If you need to hang heavy objects or ensure the object is secure on a masonry wall, use a masonry fixing. Drill the correct size hole using the correct type of drill bit, in this case a masonry bit. Simply attach your fixing in accordance with the manufacturers installation instructions and you will have a secure fixing that will last – don’t forget to use our “wall wizard” to find the correct fixing.
The answer is simply: Very important. Drilling the correct diameter hole stops the fixing from either rotating in the hole and producing a loose fixing, whilst a hole that’s too small will crush the fixing as you try and hammer it in – this will potentially damage the fixing making it ineffective.
The majority of the fixings supplied by Wall Wizard will be supplied with the correct screws or bolts, if this isn’t the case please ensure you refer to the packaging and purchase the correct screw or bolt. Please use our live chat function with any questions you might have regarding screw size.
Corefix is specifically designed for the job but other fixings if you aren’t hanging too much weight could also be considered – don’t forget to use our “wall wizard” to find the correct fixing.
Standard length screws/bolts are supplied with every Gripit. You can use a longer one if necessary for the job, however the screw should not touch any solid material behind the plasterboard. Do not use a screw shorter than the below recommendations.
Yellow - Wood screw (4mm diameter, min. 25mm length).
Red - Wood screw (5mm diameter, min. 30mm length).
Brown - Bolt (M6 diameter, min. 25mm length).
Blue - Bolt (M8 diameter, min. 25mm length).
Yes. The Gripit Undercutting Tool is specially designed to create a recess for the Gripit wings to unfold if installing on top of a dab of plasterboard adhesive.
Yes. Each GeeFix wall anchor is supplied with three necessary screws and these are suitable for fixing to all types of plasterboard, including insulated. GeeFix is compatible with materials as thin as 3mm and up to a maximum thickness of 75mm.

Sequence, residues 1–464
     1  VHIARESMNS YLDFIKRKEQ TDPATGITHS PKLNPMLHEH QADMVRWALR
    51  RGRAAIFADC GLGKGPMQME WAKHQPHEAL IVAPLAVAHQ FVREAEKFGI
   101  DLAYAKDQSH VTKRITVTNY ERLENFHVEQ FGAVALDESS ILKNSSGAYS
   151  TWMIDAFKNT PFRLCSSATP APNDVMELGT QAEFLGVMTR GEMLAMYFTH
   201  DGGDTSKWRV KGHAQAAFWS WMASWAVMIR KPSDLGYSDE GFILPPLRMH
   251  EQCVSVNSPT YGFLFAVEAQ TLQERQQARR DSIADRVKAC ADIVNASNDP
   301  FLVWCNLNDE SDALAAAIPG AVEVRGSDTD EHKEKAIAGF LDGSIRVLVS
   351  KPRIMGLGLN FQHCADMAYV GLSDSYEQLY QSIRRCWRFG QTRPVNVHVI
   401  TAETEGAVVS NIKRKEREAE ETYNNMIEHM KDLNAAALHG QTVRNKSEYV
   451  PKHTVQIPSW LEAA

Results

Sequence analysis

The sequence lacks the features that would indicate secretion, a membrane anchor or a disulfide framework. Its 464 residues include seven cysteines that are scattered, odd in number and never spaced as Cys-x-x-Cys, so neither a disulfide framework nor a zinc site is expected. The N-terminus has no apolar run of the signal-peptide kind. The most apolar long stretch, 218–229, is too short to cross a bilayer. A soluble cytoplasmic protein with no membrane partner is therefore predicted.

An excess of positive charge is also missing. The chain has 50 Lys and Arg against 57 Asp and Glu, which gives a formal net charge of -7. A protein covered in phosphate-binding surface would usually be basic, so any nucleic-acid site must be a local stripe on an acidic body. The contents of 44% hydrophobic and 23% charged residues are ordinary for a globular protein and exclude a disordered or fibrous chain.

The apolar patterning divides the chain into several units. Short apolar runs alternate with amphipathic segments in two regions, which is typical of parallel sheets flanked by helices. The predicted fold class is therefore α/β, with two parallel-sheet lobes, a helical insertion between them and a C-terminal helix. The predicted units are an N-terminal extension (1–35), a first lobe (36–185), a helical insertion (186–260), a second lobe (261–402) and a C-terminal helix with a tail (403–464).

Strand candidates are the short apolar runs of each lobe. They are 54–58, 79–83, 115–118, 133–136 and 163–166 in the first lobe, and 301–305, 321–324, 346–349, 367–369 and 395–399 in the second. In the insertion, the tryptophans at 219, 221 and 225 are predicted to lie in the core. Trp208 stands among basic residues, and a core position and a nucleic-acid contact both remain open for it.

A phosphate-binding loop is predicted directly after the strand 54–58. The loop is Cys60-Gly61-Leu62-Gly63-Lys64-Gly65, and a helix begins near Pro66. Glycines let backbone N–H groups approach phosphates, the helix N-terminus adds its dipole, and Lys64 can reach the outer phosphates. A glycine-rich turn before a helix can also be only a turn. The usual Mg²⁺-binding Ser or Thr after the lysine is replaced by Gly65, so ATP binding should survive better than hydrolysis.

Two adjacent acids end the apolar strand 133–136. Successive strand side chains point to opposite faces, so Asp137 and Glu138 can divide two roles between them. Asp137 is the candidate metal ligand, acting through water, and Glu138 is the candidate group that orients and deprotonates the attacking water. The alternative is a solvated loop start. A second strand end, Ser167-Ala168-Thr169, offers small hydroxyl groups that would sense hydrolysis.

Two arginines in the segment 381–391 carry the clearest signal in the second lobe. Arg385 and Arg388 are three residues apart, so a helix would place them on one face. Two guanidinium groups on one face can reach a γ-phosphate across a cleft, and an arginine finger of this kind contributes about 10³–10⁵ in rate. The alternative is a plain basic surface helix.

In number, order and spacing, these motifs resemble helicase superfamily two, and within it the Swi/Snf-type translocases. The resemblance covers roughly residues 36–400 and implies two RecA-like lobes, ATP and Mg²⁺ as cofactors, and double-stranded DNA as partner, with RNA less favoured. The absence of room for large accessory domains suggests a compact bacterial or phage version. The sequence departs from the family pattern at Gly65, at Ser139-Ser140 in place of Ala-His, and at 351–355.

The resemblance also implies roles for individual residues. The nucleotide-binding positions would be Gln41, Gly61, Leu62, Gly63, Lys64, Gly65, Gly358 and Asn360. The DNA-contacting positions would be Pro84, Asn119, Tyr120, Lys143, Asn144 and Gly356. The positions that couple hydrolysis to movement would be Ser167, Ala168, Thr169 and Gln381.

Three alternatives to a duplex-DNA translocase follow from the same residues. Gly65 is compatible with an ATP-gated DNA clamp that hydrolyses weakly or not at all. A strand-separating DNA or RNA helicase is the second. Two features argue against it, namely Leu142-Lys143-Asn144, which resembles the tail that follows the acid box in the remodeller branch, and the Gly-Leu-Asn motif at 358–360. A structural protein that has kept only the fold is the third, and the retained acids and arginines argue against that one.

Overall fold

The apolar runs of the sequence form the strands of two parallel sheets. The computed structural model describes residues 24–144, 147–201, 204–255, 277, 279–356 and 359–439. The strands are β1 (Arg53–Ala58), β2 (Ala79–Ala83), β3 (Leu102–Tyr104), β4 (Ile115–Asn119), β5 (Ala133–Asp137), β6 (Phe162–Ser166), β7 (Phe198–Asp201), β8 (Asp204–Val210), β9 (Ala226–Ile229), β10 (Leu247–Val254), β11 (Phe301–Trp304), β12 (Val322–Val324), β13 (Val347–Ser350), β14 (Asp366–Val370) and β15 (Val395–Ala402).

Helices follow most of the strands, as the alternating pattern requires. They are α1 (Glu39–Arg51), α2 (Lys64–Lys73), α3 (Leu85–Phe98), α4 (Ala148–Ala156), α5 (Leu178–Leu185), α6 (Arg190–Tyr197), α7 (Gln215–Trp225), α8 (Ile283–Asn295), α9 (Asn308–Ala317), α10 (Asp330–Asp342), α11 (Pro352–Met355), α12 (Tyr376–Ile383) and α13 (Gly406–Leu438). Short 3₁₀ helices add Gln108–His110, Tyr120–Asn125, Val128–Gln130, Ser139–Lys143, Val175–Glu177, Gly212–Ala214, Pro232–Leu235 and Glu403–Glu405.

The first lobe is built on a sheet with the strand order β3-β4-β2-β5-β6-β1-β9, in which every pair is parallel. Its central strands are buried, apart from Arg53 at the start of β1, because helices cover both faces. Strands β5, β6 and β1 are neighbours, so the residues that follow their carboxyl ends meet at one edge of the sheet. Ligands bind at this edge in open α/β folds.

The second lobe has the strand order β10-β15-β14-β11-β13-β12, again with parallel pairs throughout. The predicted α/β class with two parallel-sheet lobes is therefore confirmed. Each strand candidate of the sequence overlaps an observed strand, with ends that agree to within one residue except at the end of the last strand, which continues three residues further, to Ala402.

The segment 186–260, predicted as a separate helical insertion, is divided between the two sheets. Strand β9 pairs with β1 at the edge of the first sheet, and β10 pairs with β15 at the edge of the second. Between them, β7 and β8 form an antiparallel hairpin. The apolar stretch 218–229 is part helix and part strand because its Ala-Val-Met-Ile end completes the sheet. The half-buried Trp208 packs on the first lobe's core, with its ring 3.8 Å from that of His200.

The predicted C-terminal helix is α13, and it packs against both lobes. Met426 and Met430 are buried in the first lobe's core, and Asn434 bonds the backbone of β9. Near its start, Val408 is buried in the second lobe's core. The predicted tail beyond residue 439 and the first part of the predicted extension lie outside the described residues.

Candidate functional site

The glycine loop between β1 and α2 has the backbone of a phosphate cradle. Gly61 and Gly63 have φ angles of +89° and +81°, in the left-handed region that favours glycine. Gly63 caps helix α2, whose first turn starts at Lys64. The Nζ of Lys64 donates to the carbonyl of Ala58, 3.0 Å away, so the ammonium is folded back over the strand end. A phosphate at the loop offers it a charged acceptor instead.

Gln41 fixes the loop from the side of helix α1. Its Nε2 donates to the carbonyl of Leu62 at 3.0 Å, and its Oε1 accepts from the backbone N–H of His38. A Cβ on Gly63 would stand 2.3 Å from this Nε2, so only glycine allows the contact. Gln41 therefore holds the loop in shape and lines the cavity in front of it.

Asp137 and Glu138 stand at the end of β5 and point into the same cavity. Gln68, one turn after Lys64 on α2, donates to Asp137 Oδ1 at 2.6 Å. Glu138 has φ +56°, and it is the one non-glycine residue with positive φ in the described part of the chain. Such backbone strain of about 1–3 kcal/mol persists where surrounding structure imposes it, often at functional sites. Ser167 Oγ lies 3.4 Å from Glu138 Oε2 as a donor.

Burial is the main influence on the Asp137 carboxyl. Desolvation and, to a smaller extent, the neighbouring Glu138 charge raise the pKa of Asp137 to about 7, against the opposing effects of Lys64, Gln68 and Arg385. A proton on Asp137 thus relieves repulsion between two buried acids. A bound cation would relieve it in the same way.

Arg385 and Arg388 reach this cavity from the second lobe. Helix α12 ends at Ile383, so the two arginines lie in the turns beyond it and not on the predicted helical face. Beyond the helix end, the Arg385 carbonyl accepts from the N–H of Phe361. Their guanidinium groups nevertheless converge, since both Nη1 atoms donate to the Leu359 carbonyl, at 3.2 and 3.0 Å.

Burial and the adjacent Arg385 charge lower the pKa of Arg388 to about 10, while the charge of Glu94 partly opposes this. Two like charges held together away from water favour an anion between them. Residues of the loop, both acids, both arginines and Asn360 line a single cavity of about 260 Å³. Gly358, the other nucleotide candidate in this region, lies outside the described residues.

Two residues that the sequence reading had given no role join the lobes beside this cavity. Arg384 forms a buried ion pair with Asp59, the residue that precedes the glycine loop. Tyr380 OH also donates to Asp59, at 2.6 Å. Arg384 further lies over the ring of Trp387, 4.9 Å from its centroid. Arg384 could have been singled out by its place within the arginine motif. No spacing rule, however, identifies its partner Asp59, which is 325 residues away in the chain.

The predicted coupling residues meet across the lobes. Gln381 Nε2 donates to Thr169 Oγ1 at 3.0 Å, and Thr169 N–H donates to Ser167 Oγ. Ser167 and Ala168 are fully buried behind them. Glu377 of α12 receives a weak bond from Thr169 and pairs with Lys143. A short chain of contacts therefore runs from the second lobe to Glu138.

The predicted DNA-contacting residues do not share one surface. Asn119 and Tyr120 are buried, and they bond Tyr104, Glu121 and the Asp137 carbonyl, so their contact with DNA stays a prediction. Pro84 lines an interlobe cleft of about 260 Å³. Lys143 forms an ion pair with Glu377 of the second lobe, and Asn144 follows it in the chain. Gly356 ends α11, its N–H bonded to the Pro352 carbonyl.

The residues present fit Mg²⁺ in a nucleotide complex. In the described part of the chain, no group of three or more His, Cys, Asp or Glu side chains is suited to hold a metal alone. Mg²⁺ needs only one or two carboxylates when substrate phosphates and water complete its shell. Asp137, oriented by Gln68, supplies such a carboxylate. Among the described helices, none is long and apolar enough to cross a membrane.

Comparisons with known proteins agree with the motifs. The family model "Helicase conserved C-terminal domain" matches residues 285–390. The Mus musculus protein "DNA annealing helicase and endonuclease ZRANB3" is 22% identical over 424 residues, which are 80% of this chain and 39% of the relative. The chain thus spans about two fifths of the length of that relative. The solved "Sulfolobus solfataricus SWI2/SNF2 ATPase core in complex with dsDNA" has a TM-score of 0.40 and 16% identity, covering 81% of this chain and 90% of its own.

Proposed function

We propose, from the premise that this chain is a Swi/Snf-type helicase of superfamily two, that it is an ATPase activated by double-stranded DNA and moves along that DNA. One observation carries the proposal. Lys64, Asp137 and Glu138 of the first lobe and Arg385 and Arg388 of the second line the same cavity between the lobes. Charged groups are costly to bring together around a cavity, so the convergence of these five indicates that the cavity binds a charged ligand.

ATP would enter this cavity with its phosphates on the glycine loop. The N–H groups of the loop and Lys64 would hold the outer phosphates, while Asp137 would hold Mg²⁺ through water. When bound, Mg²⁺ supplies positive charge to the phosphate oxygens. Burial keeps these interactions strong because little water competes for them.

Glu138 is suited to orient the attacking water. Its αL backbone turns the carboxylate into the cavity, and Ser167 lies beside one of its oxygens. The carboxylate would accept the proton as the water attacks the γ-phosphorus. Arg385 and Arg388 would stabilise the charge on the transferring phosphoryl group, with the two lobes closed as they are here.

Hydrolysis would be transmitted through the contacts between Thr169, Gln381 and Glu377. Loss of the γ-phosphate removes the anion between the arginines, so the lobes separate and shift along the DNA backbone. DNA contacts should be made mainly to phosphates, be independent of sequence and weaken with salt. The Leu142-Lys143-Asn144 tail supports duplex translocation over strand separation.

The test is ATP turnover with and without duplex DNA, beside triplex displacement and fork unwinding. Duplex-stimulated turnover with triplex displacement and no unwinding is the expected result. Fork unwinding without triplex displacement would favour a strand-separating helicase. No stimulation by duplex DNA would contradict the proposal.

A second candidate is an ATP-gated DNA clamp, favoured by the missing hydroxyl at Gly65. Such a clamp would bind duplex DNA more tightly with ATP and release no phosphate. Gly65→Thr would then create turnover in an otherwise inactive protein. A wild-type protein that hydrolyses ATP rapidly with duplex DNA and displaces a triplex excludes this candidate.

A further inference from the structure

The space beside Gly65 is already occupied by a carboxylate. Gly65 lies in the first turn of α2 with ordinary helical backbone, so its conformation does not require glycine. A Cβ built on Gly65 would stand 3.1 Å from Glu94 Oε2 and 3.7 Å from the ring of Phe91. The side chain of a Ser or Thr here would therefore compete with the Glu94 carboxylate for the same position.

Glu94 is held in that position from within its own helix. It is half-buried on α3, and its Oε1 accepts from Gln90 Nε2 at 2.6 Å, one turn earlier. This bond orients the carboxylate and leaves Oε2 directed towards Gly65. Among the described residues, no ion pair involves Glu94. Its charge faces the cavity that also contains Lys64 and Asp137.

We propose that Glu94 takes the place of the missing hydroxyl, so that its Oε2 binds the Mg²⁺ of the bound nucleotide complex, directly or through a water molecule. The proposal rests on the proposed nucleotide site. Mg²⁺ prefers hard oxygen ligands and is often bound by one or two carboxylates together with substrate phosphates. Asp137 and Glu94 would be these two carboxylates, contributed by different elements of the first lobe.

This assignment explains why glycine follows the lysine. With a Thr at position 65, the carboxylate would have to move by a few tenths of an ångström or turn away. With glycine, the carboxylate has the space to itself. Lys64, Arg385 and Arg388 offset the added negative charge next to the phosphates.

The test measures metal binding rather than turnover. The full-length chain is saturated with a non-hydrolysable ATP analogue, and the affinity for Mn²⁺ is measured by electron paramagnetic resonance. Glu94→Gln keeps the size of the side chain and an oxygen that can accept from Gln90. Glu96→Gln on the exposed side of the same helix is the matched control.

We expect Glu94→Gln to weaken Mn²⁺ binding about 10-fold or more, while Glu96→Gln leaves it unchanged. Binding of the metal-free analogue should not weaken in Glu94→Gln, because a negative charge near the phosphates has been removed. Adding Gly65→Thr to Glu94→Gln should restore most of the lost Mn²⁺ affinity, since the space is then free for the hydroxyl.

An electric or manual drill with a 25mm bit or hole cutter and a screwdriver. That’s it!
Yes. Just make sure that you use a stop on your drill to prevent damage and perforation of the plastic barrier. Don’t use screws that are longer than you need. Drillstop is ideal for this to avoid drilling too deep.
The FlipToggle is a single-strap hollow-wall anchor. Its unique design securely holds the toggle for easy insertion into the predrilled hole. Once inserted, the spring tab flips the toggle into the right position so that when the collar is tightened the anchor is ready for the bolt.
Nearly all plasterboard fixings claim to have superior holding power. Some will tell you they support up to 180kg, but that is a straight down pull and not a cantilever install. Whatever manufacturers may claim, the pull out on a plasterboard fixing is determined by the strength and integrity of the plasterboard.
Yes, Rawl plugs for plasterboard are designed to expand or pull back from the other side of the hollow substrate when the screw is inserted to help distribute your hanging load. Having a variety of sizes and packs of plasterboard Rawl plugs to hand will help with small and large projects both at home and the workplace.
If you want to hang anything heavier than 6kg from your ceiling, you’ll need to attach it to a timber ceiling joist.
Plastic versions such as the Cobra TripleGrip can hold medium loads up to 20kg on plasterboard walls and up to an incredible 90kg when fixing into solid masonry. Here you can see how important it is to know your wall type and how this changes load ratings for the same fixing. Please click here for further help with identifying your wall type!
It could be that you are trying to hang too much weight on the fixing. Plasterboard was not designed to carry heavy loads, so applying too much weight to a single point will cause the wall anchor / wall fixing to come loose. You may also run into trouble if the item you are attaching to the wall is too thick.